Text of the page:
The U.S. Centers for Disease Control and Prevention (CDC) has released new guidelines that will allow fully vaccinated people in the U.S. to forgo masks and physical distancing in some instances but one of Ontario’s top public health officials says the province is “nowhere near” loosening restrictions to that extent yet.

The guidelines released by the CDC today would allow fully vaccinated people to visit indoors with unvaccinated people from a single household without masks or physical distancing, provided those people are at low risk for severe disease.

That means, for example, that grandparents who are fully vaccinated could once again hug their grandchildren but only south of the border.

In Canada, federal officials are yet to release any sort of guidelines for fully vaccinated people and on Monday Ontario’s Associate Medical Officer of Health Dr. Barbara Yaffe said that “everybody needs to keep following the basic precautions for now” even if they have received two doses of a COVID-19 vaccine.

“They (the U.S.) have a much higher percentage of the population vaccinated so that is an important consideration in making that recommendation. We are obviously at this point working very hard to get people vaccinated and we do have a pretty good level right now in long-term care and retirement homes, which is great, but other than that we really are nowhere near what the CDC is recommending,” she said.

Approximately 273,000 Ontarians have been fully vaccinated so far but that group is mostly made up of healthcare workers and long term-care residents and staff.

That, however, is expected to change in the coming weeks and months as the supplies of vaccines arriving in the province start to ramp up.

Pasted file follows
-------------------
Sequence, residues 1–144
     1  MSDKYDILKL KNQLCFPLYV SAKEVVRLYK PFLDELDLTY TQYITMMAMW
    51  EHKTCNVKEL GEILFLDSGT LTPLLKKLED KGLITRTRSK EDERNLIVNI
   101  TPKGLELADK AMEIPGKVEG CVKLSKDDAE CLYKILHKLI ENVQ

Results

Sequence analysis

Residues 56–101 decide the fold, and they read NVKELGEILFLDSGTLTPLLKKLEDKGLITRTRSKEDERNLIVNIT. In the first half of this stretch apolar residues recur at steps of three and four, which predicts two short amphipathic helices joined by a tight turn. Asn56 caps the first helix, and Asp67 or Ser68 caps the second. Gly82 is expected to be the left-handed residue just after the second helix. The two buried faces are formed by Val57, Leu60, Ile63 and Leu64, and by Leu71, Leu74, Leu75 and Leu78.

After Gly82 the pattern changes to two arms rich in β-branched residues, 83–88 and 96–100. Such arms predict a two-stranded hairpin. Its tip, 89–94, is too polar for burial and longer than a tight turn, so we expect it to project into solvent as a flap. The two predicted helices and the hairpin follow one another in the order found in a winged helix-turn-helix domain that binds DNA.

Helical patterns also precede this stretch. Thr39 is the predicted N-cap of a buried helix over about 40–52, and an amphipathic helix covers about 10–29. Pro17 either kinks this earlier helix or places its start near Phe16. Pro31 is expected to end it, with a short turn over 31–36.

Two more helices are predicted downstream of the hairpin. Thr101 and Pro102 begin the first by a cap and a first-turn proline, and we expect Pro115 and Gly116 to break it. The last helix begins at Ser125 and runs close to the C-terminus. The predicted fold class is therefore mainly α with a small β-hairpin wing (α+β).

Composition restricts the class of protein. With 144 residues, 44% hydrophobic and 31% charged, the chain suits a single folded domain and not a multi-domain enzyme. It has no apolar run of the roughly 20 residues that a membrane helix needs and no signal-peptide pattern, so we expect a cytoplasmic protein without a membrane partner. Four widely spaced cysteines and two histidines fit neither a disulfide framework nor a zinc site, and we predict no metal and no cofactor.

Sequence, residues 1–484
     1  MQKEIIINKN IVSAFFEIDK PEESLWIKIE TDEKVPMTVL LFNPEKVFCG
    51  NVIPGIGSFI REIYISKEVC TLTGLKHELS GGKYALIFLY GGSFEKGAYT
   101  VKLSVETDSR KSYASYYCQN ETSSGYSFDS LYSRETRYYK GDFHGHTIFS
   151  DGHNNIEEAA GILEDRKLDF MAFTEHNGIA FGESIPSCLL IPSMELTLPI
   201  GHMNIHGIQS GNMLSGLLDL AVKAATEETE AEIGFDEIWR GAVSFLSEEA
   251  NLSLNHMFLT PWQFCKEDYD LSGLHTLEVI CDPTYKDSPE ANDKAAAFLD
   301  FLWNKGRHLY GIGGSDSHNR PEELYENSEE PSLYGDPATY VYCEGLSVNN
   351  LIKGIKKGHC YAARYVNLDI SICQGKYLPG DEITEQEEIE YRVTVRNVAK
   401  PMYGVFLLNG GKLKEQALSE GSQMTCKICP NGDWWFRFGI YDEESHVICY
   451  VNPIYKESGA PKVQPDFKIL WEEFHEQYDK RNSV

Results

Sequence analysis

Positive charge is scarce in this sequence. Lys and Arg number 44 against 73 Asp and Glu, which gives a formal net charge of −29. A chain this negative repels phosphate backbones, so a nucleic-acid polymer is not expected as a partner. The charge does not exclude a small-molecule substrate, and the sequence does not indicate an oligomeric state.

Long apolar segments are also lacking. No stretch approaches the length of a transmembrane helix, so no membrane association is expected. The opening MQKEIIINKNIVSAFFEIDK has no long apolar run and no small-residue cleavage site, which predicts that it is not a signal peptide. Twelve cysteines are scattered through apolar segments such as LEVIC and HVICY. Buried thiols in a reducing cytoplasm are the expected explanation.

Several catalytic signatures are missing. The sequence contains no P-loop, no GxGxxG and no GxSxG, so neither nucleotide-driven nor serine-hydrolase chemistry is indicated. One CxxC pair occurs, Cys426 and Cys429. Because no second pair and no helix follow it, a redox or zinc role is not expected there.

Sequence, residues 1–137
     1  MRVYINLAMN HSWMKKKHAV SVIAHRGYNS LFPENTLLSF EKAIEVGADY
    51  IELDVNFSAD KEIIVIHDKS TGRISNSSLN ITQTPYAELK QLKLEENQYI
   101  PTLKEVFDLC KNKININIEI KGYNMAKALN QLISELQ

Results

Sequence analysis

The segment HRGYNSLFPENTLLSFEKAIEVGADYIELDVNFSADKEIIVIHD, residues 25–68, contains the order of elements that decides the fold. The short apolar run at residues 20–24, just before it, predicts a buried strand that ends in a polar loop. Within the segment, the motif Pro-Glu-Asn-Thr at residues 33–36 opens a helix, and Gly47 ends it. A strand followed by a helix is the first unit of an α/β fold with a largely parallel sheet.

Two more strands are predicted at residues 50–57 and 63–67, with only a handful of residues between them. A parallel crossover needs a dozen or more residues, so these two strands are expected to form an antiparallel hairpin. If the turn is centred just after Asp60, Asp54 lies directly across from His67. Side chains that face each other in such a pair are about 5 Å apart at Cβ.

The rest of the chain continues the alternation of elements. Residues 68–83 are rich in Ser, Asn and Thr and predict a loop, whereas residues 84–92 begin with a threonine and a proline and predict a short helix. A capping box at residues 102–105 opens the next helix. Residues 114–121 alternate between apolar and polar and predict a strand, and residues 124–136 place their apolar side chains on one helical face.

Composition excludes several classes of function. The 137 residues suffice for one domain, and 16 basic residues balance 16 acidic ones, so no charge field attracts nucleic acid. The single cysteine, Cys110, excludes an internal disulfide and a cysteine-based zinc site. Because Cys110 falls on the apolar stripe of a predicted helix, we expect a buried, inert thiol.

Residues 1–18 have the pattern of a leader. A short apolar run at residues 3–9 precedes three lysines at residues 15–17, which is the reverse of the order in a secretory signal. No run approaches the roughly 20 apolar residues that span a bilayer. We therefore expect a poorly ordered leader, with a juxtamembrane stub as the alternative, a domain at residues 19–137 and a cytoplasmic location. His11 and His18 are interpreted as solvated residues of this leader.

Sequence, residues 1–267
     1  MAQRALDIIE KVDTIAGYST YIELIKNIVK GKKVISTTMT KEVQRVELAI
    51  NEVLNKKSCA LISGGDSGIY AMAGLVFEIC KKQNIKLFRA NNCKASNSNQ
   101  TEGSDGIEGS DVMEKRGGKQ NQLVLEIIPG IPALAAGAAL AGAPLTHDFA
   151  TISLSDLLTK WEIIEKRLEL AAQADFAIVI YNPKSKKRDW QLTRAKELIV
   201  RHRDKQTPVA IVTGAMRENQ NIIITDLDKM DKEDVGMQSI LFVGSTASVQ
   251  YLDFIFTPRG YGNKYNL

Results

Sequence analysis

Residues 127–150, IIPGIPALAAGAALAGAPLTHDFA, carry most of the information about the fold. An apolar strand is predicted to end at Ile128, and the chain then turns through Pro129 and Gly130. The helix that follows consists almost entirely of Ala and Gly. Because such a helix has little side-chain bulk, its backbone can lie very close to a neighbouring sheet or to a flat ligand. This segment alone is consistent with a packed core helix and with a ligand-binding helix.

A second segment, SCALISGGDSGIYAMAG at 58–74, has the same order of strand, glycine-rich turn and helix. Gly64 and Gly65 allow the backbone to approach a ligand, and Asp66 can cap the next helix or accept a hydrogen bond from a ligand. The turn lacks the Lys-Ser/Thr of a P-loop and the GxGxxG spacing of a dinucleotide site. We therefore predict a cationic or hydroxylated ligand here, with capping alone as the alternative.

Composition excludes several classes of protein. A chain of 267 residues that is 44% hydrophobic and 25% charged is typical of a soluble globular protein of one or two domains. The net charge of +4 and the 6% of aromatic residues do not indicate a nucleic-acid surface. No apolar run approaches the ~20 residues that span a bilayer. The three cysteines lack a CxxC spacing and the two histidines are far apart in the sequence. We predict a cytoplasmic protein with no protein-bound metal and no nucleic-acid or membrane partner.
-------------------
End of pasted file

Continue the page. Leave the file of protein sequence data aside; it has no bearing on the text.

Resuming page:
Yaffe said that there are some preliminary discussions taking place about what sort of conditions can be put in place for people who have been fully vaccinated but she said that the “bottom line” right now is that people have to keep practicing physical distancing.

Her comments were also echoed by Chief Medical Officer of Health Dr. David Williams, who cited the lack of data around whether vaccinations stop transmission or just symptoms when explaining the need for caution.

“We know it protects against contracting and the severe consequences of disease but we are not sure it eliminates total transmission altogether. So when you ask people or say you can just congregate any way you want, you have assumed at that stage that no transmission will occur and I would like to think that will be the case but I still want to see the data,” he said.

While the CDC is loosening its guidance for fully vaccinated people, it has said that a number of public health guidelines will still apply.

It says that people must continue to wear masks and practice physical distancing when around individuals at increased risk for a severe outcome from COVID-19.

It also says that those same precautions must be followed when interacting with unvaccinated people from multiple households.

Speaking with reporters, Williams said that Ontario health officials will be reviewing the CDC guidelines and underlying data “to see how it applies in our context” but he made no promises on whether it will be amended for use in Ontario.